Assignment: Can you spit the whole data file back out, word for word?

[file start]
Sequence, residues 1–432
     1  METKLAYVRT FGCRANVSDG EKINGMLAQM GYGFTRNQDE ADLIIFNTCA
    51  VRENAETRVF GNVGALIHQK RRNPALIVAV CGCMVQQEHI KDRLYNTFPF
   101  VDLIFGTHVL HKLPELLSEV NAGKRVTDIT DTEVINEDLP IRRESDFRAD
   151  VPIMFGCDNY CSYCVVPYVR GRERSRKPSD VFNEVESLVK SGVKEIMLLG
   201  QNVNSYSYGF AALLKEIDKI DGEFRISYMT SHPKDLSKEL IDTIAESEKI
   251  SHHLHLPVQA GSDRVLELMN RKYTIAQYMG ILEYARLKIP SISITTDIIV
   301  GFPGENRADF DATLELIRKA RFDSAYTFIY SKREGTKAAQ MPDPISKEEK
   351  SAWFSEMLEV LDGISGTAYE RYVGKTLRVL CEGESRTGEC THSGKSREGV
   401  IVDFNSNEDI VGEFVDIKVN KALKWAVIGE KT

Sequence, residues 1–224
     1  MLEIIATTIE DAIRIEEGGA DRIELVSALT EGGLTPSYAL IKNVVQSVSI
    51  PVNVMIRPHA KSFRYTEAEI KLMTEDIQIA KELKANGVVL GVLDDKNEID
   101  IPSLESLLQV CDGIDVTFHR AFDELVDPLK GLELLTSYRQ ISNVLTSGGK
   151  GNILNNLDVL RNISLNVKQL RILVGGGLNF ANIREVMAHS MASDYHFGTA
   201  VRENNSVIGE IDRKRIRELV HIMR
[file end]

Sequence, residues 1–432
     1  METKLAYVRT FGCRANVSDG EKINGMLAQM GYGFTRNQDE ADLIIFNTCA
    51  VRENAETRVF GNVGALIHQK RRNPALIVAV CGCMVQQEHI KDRLYNTFPF
   101  VDLIFGTHVL HKLPELLSEV NAGKRVTDIT DTEVINEDLP IRRESDFRAD
   151  VPIMFGCDNY CSYCVVPYVR GRERSRKPSD VFNEVESLVK SGVKEIMLLG
   201  QNVNSYSYGF AALLKEIDKI DGEFRISYMT SHPKDLSKEL IDTIAESEKI
   251  SHHLHLPVQA GSDRVLELMN RKYTIAQYMG ILEYARLKIP SISITTDIIV
   301  GFPGENRADF DATLELIRKA RFDSAYTFIY SKREGTKAAQ MPDPISKEEK
   351  SAWFSEMLEV LDGISGTAYE RYVGKTLRVL CEGESRTGEC THSGKSREGV
   401  IVDFNSNEDI VGEFVDIKVN KALKWAVIGE KT

Sequence, residues 1–224
     1  MLEIIATTIE DAIRIEEGGA DRIELVSALT EGGLTPSYAL IKNVVQSVSI
    51  PVNVMIRPHA KSFRYTEAEI KLMTEDIQIA KELKANGVVL GVLDDKNEID
   101  IPSLESLLQV CDGIDVTFHR AFDELVDPLK GLELLTSYRQ ISNVLTSGGK
   151  GNILNNLDVL RNISLNVKQL RILVGGGLNF ANIREVMAHS MASDYHFGTA
   201  VRENNSVIGE IDRKRIRELV HIMR